While most of the people blessed to attend and participate in the Olympics are simply soaking in the moment, there are others who may have reason to fear for their lives. And it's all thanks to Daily Beast editor, Nico Hines.
Hines, a London editor for the news publication, published an article early Thursday morning entitled "I Got Three Grindr Dates in an Hour in the Olympic Village." To begin, it's a weird title for three reasons: 1) it assumes it's an odd occurrence for Olympians to be gay; 2) it assumes it's an odd thing for these gay men to want to go on dates; and 3) it assumes that three date inquiries for Nico Hines is an absurdity— which, once you get all the facts, it is. But not for reasons he alludes to.
See, Nico Hines is actually a heterosexual man, married with children. So why did he join the app Grindr that was created for gay men? To spy on gay Olympians.
In the article, as Mic so thoroughly explains, Hines includes that "[some] athletes on Grindr made it clear that they were only interested in other sports stars." He also describes "the heights, weights and countries of origin of several athletes whom he arranged dates with." Not only does this information make it easier to pinpoint which athlete is in question, but for one of them in particular, it could have dire consequences. Kazahkstan, a country with no laws to protect people belonging to the LGBT-community, is the home of one of the men, and could easily mean death. (The Daily Beast has since removed countries of origin, but nothing is ever dead on the internet).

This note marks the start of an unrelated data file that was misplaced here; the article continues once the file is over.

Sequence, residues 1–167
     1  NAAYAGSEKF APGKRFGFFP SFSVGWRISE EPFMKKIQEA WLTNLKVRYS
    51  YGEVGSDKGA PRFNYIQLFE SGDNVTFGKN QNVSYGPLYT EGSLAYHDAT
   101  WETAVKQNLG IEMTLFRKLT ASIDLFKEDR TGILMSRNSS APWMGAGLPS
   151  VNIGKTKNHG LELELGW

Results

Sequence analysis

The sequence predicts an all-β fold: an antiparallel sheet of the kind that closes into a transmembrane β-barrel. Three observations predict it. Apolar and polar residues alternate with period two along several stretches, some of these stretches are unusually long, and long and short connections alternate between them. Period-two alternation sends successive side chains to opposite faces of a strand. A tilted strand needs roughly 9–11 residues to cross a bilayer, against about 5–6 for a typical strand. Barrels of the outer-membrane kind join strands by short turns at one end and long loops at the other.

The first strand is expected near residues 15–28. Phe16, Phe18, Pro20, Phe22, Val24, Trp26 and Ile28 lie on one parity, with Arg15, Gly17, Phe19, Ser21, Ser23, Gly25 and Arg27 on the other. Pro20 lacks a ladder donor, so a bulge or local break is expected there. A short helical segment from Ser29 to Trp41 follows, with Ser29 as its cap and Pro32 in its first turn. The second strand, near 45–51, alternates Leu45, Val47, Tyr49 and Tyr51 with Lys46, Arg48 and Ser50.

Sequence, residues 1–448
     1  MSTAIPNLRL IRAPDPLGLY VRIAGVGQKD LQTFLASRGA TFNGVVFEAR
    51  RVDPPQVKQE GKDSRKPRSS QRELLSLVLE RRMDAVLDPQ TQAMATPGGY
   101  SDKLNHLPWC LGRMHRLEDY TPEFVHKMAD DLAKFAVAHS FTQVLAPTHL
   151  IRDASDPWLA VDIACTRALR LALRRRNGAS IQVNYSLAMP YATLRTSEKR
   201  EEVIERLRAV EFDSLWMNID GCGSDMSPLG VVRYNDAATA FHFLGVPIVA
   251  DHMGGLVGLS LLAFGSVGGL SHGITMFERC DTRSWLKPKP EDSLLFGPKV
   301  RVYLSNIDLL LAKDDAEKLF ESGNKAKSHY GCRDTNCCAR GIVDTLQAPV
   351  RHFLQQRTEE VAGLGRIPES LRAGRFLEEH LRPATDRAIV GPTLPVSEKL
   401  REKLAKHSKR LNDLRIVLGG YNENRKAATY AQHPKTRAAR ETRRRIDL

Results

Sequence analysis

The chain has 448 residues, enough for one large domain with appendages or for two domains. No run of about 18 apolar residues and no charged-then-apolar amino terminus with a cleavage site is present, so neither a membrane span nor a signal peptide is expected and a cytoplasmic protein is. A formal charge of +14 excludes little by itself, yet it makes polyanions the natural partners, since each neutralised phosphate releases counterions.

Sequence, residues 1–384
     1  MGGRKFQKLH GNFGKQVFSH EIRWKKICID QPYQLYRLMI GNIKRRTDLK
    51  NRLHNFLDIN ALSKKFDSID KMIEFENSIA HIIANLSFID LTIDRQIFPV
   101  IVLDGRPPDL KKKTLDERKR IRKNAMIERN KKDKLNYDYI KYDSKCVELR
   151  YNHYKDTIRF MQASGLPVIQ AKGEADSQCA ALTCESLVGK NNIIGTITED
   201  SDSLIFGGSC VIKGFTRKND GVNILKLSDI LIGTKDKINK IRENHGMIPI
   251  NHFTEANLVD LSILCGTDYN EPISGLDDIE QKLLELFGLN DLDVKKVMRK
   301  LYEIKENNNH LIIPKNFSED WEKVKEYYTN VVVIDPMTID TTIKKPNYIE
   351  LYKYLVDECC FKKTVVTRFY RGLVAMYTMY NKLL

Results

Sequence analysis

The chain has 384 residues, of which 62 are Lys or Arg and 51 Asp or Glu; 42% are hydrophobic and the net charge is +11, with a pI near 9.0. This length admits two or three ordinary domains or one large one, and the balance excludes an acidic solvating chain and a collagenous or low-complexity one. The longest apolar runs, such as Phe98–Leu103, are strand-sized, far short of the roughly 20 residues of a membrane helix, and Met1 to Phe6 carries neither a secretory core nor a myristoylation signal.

Needless to say, this is no joking matter.
Hines wrote in his article that he "confessed to being a journalist as soon as anyone asked who [he] was," but there was no implication that he intended to write about the experience.
Since the backlash, the Daily Beast has yet to take down the piece, but instead added an addendum. In the letter that reads just about as long as the original piece, Editor in Chief John Avlon assured us all that publishing a homophobic piece was "never our reporter’s intention" and "[a]s a result, we have removed all descriptions of the men and women’s profiles that we previously described."
Avlon then goes on to explain how he and his staff feel about the piece, which is much more important than any criticism from the actual LGBT community, apparently: "Some readers have read Nico as mocking or sex-shaming those on Grindr. We do not feel he did this in any way. However, The Daily Beast understands that others may have interpreted the piece differently."
I guess everyone's supposed to feel okay with it now because "some of the profiles described were of straight women."
Yikes. At least we know where to go when justice is failing us. Read Twitter's response below.
Then there was this thought...
And this discovery...
Not only was this story completely inappropriate, but it seems to cross the code of ethics for journalism. And more than just Matthew Rodriguez of Mic is calling him out for it.
Here's to hoping they'll do more than just change it to another clickbait-y title.
Yes, gay men enjoy sex too. Even ones who are extremely buff and gifted in their sport of choice. SMH.
[Photo: Twitter, Daily Beast]